People who have very high cholesterol levels should choose cheeses with a lower fat content (the light varieties) that contain less cholesterol.
It’s good to know that cheese fats contain mostly saturated fatty acids, although about one third of the fat content is comprised of mono- and polyunsaturated fatty acids. In addition, cheese has the best ratio of omega-6 and omega-3 fatty acids for the human body. Products labelled as cheese do not contain trans-fatty acids.
Due to the fat content, it is not advised that people who have weight problems consume large quantities of high-fat cheeses all the time.
Cheeses contain plenty of the calcium and phosphorus compounds that are readily assimilated by the human body, so cheese is an ideal food for those who are afraid of osteoporosis. These two elements are preserved in cheeses primarily due to the fact that they are bound to milk proteins. It’s also good to know that both the calcium-phosphorus ratio and the content of milk fats in cheese support their absorption.
For example, a 20-gram slice of cheese contains, depending on the type, around 100‑200mg of calcium. Although some of the calcium remains in the composition of whey during the cheese-making process, enough of this valuable mineral also stays in the cheese. Furthermore, calcium chloride is added as a firming agent to cheeses.
Cheese is a rich source of magnesium and a repository of the microelements zinc and selenium. Due to the specific composition of mineral compounds in cheese, a piece of hard cheese at the end of a meal helps to prevent teeth damage or the risk of dental caries to some extent.
Cheese always contains table salt that is added for better separation of cheese proteins, flavour and preservation purposes. As various cheeses have different table salt content (0.8–3%), you should check the labelling for salt content as well. People who have to limit the use of table salt for health reasons should choose less salty varieties of cheeses.
Cheese contains several micronutrients – relatively many fat-soluble vitamins (A and D) and several water-soluble B-group vitamins. The bacteria that are active in cheese processing produce the representatives of the latter group.
A 100-gram piece of cheese contains at least one third of the recommended daily allowance of vitamin B12 (there are very few good sources of this vitamin in a form that is suitable for the human organism!) and a considerable amount of the recommended daily allowance of vitamins B2, B5 and folic acid.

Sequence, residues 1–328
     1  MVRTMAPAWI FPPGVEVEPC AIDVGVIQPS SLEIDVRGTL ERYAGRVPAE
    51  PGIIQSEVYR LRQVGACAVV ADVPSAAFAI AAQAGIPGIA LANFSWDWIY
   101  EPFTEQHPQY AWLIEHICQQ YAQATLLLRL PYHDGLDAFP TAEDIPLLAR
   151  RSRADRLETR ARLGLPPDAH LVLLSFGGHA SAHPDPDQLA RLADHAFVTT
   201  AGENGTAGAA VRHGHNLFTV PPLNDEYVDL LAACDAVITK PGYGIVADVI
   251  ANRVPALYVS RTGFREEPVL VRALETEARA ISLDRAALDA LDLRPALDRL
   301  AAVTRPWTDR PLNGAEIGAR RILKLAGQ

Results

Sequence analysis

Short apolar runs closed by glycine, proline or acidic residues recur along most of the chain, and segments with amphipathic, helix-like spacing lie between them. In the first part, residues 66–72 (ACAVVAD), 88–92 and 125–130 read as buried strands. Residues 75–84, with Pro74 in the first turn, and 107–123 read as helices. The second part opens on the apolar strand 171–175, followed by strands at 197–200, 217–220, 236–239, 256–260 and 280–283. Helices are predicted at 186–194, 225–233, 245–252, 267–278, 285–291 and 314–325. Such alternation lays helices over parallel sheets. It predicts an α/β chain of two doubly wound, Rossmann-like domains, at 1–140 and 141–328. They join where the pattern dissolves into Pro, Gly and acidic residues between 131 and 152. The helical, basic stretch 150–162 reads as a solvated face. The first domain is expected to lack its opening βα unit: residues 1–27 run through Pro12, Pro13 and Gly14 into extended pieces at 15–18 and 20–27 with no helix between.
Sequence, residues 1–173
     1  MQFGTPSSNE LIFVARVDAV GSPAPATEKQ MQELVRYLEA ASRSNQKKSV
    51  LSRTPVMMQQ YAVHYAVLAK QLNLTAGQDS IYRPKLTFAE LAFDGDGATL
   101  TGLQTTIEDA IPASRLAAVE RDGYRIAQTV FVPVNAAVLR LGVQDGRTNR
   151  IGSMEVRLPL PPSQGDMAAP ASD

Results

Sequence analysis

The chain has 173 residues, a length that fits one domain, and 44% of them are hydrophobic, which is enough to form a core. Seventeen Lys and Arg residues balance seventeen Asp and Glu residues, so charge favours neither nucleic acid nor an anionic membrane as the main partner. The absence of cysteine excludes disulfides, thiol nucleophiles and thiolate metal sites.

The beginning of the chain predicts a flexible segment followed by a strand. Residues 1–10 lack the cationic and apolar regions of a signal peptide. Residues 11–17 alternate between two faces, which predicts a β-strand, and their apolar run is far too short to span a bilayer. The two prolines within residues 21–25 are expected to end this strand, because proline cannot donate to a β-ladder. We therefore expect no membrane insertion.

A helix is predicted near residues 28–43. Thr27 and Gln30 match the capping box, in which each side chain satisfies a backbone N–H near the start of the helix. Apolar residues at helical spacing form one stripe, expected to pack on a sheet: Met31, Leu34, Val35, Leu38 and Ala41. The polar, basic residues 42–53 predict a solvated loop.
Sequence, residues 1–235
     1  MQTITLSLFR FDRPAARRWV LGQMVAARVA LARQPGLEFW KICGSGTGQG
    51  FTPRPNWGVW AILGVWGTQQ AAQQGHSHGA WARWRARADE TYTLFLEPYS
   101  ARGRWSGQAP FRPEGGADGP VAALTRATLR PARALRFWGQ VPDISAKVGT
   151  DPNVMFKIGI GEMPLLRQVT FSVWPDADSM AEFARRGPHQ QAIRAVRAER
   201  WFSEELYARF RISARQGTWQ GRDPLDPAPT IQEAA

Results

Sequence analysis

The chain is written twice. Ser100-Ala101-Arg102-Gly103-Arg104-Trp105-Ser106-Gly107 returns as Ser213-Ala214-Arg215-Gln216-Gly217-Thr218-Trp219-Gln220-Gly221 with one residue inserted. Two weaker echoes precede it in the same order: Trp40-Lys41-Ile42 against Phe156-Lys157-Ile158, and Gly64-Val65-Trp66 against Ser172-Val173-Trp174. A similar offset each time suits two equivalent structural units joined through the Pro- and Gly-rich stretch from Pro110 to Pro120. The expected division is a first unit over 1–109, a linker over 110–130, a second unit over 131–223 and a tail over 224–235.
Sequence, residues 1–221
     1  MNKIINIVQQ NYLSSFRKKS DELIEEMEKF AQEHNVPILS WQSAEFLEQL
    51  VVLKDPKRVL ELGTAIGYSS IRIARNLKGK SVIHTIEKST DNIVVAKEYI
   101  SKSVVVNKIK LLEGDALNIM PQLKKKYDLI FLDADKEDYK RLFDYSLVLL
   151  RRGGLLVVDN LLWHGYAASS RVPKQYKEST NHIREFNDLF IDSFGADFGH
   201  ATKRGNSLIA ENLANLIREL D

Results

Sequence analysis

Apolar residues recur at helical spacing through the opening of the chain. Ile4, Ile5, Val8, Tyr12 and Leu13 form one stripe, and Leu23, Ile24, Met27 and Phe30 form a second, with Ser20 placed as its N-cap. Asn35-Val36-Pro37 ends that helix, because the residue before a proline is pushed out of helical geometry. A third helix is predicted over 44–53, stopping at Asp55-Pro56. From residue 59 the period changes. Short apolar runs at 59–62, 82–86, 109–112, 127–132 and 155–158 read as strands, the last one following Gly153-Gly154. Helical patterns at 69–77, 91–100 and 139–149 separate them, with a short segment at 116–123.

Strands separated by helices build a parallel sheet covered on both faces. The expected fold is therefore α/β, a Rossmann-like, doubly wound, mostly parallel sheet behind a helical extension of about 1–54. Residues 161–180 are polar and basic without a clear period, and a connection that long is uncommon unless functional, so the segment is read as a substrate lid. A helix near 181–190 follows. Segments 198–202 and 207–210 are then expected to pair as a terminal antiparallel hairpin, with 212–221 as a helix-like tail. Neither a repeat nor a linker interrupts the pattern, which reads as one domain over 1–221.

In order to preserve the microenvironment of cheese and to ensure protection from external influences, producers pack cheeses into plastic foil, wax or paraffin wax. When storing cheese at home you should take into account that the quality of cheese gradually deteriorates when it dries or gets into direct contact with free oxygen.
SCheese shouldn’t be stored with food products with strong odours either. You should store cheese at a moderately cold temperature of 5–10 °C. The correct smell and flavour of cheese is revealed only when cheese is taken out of the refrigerator and allowed to warm to room temperature.
In order to preserve sliced cheese better, producers pack them in a gas atmosphere. When the retail package is once opened, the protective effect of the gas disappears and the cheese slices should be consumed quite soon.
Although there are several mould-ripened cheeses on sale, you should bear in mind that any accidental mould on cheese doesn’t automatically turn it into a mouldripened cheese, and you shouldn’t eat it. The trump card of cheese as a food product is the fact that it doesn’t cause food poisoning if it spoils during the warm season.
Cheese is a treat for cheese lovers, both as a separate dish and as a component in many meals and pastry. You should definitely taste many varieties of cheeses, but for continuous consumption we advise you to choose a few types that suit you best based on accurate information.